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John Morgan

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Posts posted by John Morgan

  1. On 2/21/2021 at 9:31 PM, Jaroslav Hasek said:

    different events have different levels of production. also different entities responsible for the production. if we are just taking the feed from a third party and retransmitting then the best we can do is let our third party contact know and hope they relay the message for us.

    for the SDSU events, Flo is responsible for production we we have a direct line to the folks working the event, and the people in Brookings are awesome people who pour their hearts into the program. for instances like this, hitting up customer service is your best bet. even if you get a hold of someone like myself that also works at Flo, I'm just going to relay the message through our customer support channels. this year a big program has been getting enough bodies at events. the pandemic makes every thing that much more difficult.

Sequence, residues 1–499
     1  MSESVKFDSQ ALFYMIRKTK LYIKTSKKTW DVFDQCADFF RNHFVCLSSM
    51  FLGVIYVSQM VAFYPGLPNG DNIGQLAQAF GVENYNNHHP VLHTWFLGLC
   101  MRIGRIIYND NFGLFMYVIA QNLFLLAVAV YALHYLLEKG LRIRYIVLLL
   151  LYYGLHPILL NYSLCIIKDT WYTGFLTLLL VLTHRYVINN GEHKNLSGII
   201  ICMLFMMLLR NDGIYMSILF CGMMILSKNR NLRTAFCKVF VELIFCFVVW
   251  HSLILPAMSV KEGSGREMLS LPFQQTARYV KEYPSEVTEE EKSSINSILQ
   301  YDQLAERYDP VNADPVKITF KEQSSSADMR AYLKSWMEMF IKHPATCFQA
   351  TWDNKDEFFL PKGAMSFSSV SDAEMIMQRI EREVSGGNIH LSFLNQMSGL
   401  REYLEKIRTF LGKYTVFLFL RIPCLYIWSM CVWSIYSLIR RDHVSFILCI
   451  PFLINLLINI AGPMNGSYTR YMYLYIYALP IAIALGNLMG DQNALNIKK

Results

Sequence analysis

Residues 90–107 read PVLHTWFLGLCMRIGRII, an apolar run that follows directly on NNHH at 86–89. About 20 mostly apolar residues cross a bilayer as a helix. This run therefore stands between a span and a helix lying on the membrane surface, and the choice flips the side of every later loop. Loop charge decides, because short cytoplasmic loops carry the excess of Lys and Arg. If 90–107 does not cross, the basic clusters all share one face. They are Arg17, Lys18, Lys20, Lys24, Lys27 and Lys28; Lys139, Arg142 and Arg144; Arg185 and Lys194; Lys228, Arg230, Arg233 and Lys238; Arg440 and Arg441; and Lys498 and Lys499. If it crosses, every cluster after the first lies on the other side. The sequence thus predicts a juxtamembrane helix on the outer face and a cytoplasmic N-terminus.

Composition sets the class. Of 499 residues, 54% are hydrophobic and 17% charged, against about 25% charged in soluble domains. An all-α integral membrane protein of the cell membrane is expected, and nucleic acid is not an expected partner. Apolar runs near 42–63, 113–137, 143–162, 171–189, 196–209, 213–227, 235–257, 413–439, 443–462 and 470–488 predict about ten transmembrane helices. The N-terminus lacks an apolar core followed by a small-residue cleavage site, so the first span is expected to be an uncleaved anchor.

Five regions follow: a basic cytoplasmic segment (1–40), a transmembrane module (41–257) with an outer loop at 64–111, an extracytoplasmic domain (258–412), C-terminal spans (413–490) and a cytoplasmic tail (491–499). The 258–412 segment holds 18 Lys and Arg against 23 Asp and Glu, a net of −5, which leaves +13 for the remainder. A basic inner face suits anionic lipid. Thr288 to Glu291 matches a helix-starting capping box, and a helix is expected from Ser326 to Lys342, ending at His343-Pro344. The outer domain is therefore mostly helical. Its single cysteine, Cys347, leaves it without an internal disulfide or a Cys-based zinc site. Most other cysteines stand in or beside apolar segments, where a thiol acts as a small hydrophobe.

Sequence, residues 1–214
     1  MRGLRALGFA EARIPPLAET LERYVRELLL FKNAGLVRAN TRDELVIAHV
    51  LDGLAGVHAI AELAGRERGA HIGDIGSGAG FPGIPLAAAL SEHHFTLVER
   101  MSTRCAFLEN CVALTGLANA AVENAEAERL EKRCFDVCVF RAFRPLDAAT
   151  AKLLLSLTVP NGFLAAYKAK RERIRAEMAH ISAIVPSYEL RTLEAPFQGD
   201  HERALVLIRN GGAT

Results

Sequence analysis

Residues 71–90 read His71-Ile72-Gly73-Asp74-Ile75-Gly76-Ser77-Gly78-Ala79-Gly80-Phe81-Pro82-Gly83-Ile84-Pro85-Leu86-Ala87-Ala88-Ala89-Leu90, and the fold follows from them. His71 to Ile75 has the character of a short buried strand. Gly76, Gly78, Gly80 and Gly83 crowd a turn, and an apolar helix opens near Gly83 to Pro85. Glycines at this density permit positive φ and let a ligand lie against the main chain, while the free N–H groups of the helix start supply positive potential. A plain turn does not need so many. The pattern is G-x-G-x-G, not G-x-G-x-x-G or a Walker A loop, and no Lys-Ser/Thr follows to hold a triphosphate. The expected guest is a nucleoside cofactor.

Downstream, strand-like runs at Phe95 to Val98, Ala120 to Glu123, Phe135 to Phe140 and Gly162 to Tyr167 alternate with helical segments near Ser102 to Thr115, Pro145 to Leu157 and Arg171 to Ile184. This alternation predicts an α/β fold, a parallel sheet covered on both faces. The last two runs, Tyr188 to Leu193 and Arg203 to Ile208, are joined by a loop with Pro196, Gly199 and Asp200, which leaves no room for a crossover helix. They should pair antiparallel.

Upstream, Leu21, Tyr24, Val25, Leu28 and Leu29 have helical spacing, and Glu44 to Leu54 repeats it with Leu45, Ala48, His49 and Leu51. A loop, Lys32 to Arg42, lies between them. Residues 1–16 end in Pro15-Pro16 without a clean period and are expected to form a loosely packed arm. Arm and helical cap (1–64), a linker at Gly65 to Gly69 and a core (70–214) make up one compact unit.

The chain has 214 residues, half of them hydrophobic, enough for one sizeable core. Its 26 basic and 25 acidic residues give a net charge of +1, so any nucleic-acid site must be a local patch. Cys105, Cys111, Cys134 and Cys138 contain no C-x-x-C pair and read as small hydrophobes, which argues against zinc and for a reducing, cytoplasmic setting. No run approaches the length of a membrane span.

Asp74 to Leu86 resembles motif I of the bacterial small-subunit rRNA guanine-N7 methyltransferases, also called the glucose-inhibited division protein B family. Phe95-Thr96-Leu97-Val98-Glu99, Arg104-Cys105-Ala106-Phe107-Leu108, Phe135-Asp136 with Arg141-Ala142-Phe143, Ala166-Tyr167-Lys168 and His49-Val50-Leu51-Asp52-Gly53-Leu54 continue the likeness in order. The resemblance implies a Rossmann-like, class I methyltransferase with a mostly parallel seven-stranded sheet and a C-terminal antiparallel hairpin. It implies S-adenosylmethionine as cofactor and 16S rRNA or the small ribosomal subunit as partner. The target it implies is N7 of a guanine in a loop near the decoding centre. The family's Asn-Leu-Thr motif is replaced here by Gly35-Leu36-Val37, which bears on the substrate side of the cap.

appreciate the feedback and trying to make the streams better. sometimes (most times) it's not a matter of not know how to do something it's having the resources and manpower to do it. sometimes tho there's nothing you can do, no matter how much I wish we could. we'll keep working on it tho.

    Thank you and I appreciate the response.

  2. 9 hours ago, Boompa said:

    Explain California then.  Sure they have some standouts but have millions more than PA, OH and NJ combined and would get trounced by an all star team from those 3 states.

    Keep in mind, outside of Pittsburgh and Philly...aside from the mountains, there is little difference between PA and Iowa and it is suburbs and rural areas that produce 99% of the state's talent.

    Any serious offseason tournament in PA is loaded with NJ teams.

    Good point.  I think CA could hold their own in a dual meet tournament.  If there were such a weighted average ranking, here is how I would rank the states by quality output of HS wrestlers...